Friday, November 22, 2013

Pockets with a Difference, Part 1

For a long time I've been wanting to write posts about different types of pockets. I'm therefore going to say that this is the first in a series.

This week's pocket is one I got from Vogue 8065 which I've made many times as you see in the composite below.

 I pretty much changed the pockets a little for each version.  I'll explain how these pockets are constructed  and I'll include my new version.

There are two pattern pieces for these pockets. ( if you want to make them, the pocket which I've placed on grain in the photo. measures about 10" by10"   but shaped as you can see. The facing piece is 6" by 3". )

1. First mark carefully the placement of the pockets on the inside of your garment. Baste around this placement so you can see the placement on the outside of the garment.

2.  Now mark the placement of the opening of the pocket on the outside of the garment using the facing pattern piece.. On the inside interface this spot to support the opening.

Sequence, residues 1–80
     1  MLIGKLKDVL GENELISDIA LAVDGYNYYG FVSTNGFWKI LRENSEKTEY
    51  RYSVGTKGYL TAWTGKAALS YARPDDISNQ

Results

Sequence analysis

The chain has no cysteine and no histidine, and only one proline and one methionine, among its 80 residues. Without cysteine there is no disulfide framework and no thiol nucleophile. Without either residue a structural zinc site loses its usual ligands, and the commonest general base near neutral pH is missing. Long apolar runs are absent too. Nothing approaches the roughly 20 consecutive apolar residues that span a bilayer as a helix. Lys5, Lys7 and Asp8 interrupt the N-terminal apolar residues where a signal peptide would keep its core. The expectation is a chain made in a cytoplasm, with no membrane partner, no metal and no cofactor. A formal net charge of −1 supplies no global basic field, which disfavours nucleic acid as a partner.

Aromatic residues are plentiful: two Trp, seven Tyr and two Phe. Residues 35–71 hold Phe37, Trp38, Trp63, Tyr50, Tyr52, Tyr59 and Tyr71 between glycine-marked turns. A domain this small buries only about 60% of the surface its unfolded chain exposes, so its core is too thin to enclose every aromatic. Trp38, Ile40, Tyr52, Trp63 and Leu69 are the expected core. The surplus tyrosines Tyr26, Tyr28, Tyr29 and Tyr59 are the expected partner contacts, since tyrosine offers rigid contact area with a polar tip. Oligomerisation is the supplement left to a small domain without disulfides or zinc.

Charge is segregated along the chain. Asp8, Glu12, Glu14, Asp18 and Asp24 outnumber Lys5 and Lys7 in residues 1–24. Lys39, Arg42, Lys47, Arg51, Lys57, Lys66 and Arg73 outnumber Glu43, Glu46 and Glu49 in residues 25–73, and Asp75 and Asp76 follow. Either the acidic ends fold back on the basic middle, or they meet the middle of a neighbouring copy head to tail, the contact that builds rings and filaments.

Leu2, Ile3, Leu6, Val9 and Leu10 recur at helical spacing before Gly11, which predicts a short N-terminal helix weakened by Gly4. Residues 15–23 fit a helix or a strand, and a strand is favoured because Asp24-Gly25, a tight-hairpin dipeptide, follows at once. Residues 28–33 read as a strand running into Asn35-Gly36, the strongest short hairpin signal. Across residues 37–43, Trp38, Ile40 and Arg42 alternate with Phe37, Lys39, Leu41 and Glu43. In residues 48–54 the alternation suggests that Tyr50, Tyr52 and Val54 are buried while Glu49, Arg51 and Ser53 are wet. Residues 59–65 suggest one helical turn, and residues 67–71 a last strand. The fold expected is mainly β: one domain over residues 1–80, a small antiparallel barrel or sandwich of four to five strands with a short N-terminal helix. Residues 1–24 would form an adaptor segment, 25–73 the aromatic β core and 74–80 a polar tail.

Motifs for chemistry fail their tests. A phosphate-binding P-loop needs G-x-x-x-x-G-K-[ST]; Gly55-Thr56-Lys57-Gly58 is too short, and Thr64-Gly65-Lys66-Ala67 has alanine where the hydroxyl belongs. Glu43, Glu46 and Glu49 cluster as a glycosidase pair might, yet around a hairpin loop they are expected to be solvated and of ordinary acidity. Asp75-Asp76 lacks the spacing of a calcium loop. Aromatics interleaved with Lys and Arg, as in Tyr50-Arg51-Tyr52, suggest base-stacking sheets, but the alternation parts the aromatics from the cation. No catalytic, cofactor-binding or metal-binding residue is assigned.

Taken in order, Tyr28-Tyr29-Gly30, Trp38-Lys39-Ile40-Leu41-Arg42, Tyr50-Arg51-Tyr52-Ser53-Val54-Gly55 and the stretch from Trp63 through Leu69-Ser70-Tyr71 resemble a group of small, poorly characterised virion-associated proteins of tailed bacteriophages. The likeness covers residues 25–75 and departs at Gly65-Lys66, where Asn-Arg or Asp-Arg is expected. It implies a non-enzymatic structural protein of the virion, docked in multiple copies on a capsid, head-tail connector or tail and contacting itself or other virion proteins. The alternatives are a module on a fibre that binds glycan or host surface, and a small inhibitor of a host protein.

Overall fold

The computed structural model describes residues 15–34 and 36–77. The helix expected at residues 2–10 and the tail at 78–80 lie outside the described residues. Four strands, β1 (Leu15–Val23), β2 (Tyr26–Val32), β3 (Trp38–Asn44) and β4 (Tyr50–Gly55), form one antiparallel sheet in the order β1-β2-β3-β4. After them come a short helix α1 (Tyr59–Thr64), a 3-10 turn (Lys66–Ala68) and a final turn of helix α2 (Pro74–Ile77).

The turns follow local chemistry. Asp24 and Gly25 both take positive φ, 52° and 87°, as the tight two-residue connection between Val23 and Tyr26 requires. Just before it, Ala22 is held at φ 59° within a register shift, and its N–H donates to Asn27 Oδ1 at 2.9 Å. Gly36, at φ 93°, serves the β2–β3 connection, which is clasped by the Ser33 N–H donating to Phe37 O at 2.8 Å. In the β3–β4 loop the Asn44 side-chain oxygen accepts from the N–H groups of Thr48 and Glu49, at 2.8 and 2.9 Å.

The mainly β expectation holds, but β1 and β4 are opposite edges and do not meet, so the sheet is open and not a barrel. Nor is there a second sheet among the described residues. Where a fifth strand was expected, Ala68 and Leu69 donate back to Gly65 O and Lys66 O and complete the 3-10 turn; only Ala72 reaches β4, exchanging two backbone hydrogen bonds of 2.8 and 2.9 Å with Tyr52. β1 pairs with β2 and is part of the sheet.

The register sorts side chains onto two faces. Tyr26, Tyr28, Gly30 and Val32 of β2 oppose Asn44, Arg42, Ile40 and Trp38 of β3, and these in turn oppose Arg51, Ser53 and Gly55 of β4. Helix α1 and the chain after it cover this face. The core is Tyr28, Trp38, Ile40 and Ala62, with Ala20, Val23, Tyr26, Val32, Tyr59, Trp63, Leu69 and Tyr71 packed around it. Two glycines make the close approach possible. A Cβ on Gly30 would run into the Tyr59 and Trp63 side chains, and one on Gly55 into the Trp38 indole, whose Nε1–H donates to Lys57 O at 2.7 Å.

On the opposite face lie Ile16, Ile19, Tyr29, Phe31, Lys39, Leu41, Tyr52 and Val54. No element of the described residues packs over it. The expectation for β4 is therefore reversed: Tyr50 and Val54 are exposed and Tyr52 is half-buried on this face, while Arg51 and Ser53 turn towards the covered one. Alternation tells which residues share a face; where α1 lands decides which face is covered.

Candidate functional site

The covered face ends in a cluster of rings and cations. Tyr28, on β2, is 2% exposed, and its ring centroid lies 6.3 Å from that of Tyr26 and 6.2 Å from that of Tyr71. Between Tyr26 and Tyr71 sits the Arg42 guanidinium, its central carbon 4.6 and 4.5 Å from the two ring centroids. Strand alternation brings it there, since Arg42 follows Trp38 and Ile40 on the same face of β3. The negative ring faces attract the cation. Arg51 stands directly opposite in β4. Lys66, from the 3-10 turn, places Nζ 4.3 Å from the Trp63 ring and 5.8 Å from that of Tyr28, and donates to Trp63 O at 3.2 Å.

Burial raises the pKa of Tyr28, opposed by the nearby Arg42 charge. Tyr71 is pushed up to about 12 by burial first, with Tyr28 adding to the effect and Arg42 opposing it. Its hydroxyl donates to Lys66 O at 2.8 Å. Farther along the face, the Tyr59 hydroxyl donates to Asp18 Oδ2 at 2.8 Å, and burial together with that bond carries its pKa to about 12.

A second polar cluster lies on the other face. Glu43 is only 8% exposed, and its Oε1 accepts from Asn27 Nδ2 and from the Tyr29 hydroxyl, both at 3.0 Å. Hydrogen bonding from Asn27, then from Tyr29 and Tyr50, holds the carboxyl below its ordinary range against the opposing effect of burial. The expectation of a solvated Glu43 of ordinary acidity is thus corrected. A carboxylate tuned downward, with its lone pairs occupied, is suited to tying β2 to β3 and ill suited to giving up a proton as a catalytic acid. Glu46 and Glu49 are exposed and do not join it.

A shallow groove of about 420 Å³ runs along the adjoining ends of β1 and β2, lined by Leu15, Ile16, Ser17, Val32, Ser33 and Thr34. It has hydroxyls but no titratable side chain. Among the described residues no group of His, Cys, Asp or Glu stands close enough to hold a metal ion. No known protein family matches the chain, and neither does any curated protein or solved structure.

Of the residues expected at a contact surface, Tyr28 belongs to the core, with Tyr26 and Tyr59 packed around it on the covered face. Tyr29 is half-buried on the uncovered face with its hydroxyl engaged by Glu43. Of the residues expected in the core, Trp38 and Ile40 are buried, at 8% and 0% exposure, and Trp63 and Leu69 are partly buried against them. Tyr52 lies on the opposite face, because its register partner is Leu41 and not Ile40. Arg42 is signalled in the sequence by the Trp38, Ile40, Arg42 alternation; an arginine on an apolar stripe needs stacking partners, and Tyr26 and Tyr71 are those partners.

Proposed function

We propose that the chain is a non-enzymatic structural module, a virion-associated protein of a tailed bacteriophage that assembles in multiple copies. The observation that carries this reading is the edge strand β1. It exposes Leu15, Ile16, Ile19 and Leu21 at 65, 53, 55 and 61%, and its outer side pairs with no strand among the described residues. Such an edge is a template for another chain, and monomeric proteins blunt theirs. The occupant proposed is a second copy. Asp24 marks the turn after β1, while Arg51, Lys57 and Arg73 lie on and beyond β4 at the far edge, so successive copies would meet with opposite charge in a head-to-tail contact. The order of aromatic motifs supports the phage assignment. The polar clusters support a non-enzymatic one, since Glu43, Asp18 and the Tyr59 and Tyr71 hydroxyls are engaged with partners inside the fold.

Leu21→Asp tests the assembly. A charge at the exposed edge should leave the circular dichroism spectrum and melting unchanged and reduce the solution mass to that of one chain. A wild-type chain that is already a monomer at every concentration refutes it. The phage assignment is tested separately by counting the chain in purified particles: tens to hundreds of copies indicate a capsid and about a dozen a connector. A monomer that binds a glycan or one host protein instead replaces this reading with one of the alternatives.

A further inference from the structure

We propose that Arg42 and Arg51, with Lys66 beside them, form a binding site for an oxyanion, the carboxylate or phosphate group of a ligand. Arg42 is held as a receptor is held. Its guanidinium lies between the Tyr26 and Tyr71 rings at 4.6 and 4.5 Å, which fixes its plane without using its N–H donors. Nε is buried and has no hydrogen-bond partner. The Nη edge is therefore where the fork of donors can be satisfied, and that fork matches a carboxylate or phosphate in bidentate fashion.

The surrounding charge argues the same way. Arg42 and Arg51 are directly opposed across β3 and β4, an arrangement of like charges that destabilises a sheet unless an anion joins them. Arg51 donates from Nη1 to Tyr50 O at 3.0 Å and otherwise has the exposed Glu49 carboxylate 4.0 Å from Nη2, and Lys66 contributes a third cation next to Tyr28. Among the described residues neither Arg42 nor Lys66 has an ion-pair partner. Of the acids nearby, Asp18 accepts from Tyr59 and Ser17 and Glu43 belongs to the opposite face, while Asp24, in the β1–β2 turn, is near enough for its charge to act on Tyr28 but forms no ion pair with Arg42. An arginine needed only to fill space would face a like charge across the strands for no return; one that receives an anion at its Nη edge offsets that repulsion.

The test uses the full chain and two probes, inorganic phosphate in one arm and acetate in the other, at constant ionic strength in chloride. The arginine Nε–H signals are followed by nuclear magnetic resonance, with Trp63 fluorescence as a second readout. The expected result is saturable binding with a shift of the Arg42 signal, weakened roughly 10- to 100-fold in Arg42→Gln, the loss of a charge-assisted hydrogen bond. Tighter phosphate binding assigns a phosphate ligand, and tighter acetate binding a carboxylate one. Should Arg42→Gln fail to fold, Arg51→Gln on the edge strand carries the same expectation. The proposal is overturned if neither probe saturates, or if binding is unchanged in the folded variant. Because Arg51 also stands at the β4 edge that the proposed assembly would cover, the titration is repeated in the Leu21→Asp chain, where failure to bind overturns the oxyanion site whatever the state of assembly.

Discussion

3. On the wrong side of the facing piece, mark the lines for the opening of the pocket and stitch so it is visible on the right side.. On this version,  I used a welt opening.   

4 .Place the facing piece in the marked position on the right side of the garment. and stitch along the stitching line. ( In my newest version of these pockets, I added a pocket flap. This must be placed between the garment and  facing and then stitched.)

5. Clip carefully from top to bottom of the welt and turn this  to the inside and press carefully.


6.On the outside,top stitch around the facing following the basting stitches. Top stitch around the welt opening .

Now you are ready to sew the pocket to the wrong side of your garment.

5. Finish around the wrong side of the pocket using a Hong Kong finish or by serging..